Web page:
Two languages, two guests, and tons of bits of various genres are combined to gleeful effects on BLACKPINK’s debut, ‘THE ALBUM.’
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Stream: “Ice Cream” – BLACKPINK
In 2012, South Korean singer PSY came up with an ingenious little number called “Gangnam Style.” Had the track been left about 95% intact, it would surely have been a local hit in his native land, though perhaps not super well-known elsewhere other than by foreign K-Pop enthusiasts. The little extra something that allowed this track to become such an international sensation was its small dosage of lyrics in English, the global lingua franca. Before long, clubs across the entire globe were crammed full of people side-shuffling and hollering “Ehhhhh sexy lady!” while the song was pronounced “a force for world peace” at the United Nations.
Eight years later, the members of BLACKPINK – known mononymously as Jisoo, Jennie, Rosé, and Lisa – have taken a largely similar approach as their countryman PSY in their attempt to achieve international recognition of their own.
A considerable amount of the album – indeed, “THE ALBUM” is what it’s named – is sung in English, and that percentage often rises on songs that have been positioned for release as singles. “Ice Cream,” for instance, features the devilishly simple and infectious lyrics: “You look so good, you look so sweet, looking good enough to eat!” One can only suspect that the double entendres at work here are in largely the same vein as those in 50 Cent’s “Candy Shop” – but hey, that song topped the charts back in its day, and this new ode to sweet stuff seems to be doing just fine in its own right, given its success in numerous countries.
Performing some in English certainly helps their commercial viability, but Blackpink are both able to protect their music’s foreign identity and achieve somewhat more sophisticated lyrical fare when they switch to singing in their mother tongues. Consider opening track “How You Like That” – it’s got a couple English catchphrases thrown in there (the title of the song sounds super gangsta when they utter it throughout the chorus) but more profound thematic content can be found in the song’s Korean-language verses, which detail just how strong the ladies are staying as they make their way back from the depths of a toxic relationship. “I crumbled before your eyes, hit rock bottom,” Jennie laments. Jisoo then follows up: “I’ve reached out with both of my hands to grab onto the last bit of hope.” In the end, their efforts proved to be successful, and the result was a record-busting 86.3 million views within “How You Like That’s” first 24 hours on YouTube.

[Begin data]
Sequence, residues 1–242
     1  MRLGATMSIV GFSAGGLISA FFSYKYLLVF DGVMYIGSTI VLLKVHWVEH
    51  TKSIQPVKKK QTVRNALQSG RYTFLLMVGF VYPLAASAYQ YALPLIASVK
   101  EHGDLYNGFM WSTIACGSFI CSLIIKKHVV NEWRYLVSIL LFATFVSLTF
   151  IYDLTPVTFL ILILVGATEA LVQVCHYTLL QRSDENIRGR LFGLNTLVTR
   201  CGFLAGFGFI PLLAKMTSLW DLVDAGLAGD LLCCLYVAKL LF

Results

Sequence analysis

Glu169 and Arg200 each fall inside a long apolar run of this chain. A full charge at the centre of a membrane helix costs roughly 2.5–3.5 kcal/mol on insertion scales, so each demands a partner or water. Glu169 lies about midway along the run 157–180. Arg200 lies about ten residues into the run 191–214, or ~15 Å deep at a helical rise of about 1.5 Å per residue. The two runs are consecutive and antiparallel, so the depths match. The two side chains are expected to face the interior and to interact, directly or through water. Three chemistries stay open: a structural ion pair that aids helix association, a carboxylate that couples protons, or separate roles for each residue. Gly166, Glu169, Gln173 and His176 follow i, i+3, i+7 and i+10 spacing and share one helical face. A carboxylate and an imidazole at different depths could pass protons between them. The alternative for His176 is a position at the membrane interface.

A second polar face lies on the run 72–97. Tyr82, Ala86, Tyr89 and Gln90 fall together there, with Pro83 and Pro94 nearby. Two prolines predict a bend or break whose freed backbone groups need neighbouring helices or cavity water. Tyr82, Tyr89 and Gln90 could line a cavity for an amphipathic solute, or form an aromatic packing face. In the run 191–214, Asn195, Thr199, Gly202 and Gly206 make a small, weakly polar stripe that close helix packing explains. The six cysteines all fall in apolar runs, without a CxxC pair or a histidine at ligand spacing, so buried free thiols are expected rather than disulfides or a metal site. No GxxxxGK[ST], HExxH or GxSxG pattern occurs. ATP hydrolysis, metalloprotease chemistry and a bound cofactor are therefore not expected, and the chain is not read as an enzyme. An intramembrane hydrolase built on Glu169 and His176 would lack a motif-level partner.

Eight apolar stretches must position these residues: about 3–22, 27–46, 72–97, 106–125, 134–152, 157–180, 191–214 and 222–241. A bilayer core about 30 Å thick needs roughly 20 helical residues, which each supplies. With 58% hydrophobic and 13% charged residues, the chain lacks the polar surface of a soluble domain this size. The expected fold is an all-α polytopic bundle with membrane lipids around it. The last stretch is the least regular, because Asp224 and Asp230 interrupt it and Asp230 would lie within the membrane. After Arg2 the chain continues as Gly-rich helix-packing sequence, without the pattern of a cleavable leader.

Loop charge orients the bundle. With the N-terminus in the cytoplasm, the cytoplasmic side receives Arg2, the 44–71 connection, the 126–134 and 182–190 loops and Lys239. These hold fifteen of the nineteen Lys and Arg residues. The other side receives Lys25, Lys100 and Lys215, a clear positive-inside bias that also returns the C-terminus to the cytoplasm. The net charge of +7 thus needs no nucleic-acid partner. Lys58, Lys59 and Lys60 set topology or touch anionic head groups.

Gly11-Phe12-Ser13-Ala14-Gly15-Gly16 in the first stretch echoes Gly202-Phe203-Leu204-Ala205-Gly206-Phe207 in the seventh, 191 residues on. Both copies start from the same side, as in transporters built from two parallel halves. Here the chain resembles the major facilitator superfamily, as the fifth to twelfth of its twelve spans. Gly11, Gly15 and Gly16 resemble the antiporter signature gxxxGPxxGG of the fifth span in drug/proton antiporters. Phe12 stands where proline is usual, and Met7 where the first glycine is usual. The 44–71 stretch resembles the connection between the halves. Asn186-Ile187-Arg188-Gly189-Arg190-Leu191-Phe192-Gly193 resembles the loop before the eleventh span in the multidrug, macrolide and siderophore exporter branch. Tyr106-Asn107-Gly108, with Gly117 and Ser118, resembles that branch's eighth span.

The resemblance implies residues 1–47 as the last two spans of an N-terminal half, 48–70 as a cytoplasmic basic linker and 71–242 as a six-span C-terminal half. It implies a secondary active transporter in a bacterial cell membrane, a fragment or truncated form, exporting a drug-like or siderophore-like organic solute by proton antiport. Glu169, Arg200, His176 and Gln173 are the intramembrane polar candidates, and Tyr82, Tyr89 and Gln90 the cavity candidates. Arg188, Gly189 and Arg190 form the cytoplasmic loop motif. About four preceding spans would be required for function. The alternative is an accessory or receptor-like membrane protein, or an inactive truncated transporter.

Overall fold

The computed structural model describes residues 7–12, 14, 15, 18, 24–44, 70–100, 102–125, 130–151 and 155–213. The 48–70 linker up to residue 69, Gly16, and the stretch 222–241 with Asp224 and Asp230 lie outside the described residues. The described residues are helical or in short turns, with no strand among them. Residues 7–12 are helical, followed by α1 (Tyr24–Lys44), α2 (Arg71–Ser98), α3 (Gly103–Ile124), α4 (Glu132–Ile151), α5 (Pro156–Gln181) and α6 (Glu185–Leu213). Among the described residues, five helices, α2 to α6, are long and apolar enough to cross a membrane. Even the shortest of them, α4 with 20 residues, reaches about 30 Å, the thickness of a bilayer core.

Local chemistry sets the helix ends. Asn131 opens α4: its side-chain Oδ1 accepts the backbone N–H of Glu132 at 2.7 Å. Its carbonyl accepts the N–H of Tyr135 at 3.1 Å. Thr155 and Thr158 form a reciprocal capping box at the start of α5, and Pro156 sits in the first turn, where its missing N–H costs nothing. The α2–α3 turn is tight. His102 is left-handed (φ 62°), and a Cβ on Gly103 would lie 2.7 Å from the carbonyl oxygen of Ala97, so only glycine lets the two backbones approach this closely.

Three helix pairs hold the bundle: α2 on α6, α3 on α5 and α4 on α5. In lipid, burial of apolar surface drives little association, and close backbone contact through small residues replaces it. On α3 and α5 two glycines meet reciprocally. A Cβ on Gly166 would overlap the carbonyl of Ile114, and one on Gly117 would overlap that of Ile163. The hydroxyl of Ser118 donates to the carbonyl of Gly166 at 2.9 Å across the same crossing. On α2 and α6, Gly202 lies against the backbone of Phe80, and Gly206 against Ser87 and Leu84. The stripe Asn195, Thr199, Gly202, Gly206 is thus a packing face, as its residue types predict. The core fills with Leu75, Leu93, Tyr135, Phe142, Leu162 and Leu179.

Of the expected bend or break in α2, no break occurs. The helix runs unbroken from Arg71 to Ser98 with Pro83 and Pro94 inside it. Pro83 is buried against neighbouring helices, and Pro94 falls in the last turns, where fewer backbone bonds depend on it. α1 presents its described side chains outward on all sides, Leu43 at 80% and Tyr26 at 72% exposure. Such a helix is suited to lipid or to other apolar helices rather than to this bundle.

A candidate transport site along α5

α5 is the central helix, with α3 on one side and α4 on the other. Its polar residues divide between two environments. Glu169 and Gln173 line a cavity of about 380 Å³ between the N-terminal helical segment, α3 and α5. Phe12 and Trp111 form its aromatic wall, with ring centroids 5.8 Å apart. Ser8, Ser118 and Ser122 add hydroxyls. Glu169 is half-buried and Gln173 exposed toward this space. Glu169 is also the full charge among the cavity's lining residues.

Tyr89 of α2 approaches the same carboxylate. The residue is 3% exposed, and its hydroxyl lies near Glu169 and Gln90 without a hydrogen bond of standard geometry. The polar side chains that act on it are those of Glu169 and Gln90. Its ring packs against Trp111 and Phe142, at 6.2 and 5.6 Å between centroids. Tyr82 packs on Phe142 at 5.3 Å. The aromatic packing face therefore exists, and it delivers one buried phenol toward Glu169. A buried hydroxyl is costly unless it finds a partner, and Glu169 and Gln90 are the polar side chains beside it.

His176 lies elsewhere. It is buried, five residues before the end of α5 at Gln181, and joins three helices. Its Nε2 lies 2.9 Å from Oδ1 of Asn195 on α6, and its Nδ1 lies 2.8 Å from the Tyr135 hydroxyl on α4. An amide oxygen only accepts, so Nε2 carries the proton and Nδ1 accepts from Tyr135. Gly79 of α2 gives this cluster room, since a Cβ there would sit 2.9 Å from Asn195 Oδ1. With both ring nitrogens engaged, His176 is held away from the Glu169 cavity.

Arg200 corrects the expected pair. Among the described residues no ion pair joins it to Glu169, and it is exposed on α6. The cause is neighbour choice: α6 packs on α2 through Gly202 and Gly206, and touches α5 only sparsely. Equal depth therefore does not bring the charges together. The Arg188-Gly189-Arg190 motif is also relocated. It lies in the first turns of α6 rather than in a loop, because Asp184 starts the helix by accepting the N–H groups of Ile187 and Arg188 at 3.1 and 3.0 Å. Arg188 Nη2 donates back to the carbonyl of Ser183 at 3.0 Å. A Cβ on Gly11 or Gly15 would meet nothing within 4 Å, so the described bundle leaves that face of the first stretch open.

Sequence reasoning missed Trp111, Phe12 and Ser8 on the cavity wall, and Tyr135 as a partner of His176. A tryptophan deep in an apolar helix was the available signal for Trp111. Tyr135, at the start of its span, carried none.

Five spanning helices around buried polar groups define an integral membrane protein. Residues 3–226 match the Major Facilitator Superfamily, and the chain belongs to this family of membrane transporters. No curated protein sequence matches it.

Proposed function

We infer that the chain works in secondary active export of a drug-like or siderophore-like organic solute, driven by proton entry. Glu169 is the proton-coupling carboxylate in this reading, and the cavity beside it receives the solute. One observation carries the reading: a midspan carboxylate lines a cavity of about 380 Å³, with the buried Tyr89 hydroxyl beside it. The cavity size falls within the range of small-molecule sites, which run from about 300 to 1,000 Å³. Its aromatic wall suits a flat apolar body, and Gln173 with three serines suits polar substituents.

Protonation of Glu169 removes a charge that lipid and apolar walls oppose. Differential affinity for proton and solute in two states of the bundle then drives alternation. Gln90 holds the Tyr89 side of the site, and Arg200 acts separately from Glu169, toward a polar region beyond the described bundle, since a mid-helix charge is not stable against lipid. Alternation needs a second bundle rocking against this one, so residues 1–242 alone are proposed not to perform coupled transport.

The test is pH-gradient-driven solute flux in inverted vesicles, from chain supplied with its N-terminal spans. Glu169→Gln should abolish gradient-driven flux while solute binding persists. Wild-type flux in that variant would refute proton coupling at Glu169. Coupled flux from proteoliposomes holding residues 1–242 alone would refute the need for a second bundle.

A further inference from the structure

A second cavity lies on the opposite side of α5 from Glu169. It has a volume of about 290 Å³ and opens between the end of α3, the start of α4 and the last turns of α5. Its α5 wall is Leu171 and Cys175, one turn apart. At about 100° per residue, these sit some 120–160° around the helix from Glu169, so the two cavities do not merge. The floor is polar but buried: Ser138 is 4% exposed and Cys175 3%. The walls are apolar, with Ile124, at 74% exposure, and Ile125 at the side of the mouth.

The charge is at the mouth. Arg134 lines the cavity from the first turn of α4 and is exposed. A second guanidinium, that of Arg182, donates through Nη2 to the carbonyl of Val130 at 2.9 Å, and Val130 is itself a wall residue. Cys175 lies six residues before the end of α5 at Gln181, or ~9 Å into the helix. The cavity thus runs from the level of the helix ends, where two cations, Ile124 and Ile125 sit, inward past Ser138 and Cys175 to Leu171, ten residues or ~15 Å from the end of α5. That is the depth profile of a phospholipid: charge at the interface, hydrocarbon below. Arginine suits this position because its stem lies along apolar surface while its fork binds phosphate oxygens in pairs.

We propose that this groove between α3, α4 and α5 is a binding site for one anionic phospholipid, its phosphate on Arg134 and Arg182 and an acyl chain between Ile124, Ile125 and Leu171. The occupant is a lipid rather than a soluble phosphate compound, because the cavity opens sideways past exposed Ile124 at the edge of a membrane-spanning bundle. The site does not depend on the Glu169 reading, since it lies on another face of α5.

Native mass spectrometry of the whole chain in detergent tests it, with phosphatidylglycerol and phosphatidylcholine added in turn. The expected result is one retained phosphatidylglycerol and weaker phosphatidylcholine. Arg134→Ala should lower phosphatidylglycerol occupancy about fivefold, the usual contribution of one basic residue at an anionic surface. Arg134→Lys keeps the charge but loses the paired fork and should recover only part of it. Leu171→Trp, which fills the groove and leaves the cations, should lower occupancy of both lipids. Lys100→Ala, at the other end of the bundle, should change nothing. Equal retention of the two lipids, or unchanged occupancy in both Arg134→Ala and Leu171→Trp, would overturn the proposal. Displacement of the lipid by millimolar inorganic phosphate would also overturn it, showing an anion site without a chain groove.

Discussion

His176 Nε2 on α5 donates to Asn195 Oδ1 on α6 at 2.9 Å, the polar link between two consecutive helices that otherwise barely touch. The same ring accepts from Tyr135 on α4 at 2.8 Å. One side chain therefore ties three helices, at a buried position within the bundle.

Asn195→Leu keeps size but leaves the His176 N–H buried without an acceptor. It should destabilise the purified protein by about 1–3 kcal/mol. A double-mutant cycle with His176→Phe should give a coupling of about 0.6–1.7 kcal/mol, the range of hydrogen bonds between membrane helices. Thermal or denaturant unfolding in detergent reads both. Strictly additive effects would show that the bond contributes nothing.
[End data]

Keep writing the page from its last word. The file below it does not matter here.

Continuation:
No matter what the language of the moment may be, THE ALBUM is consistently bolstered by effective production. “Lovesick Girls” is one of the most engaging highlights, with its rousing mixture of acoustic guitar and EDM, but there’s plenty of high-octane production throughout the record, with bits of various genres pulled in from all corners.
THE ALBUM also makes room for a pair of high-profile guests: Selena Gomez adds to the radio-readiness of the aforementioned “Ice Cream,” while Cardi B contributes another round of her ever-stellar bars to “Bet You Wanna.” It’s a little jarring to hear the “WAP” rapper tone her act down so tremendously for this P.A.-sticker-free release, but she winds up fitting in pretty easily with the members of BLACKPINK – two of whom, Lisa and Jisoo, contribute plenty of rapping of their own throughout the course of THE ALBUM.
Fans may dispute whether the new LP (which is barely long enough to qualify as such) is overly commercial, cheesy, or thematically simplistic. But at a tidy 25 minutes, THE ALBUM genuinely makes for a brisk and enjoyable listen.
There is plenty to admire in this debut effort by BLACKPINK, and they may well be positioned to become South Korea’s most internationally omnipresent musical act since Psy and “Gangnam Style.”
Stream: ‘THE ALBUM’ – BLACKPINK
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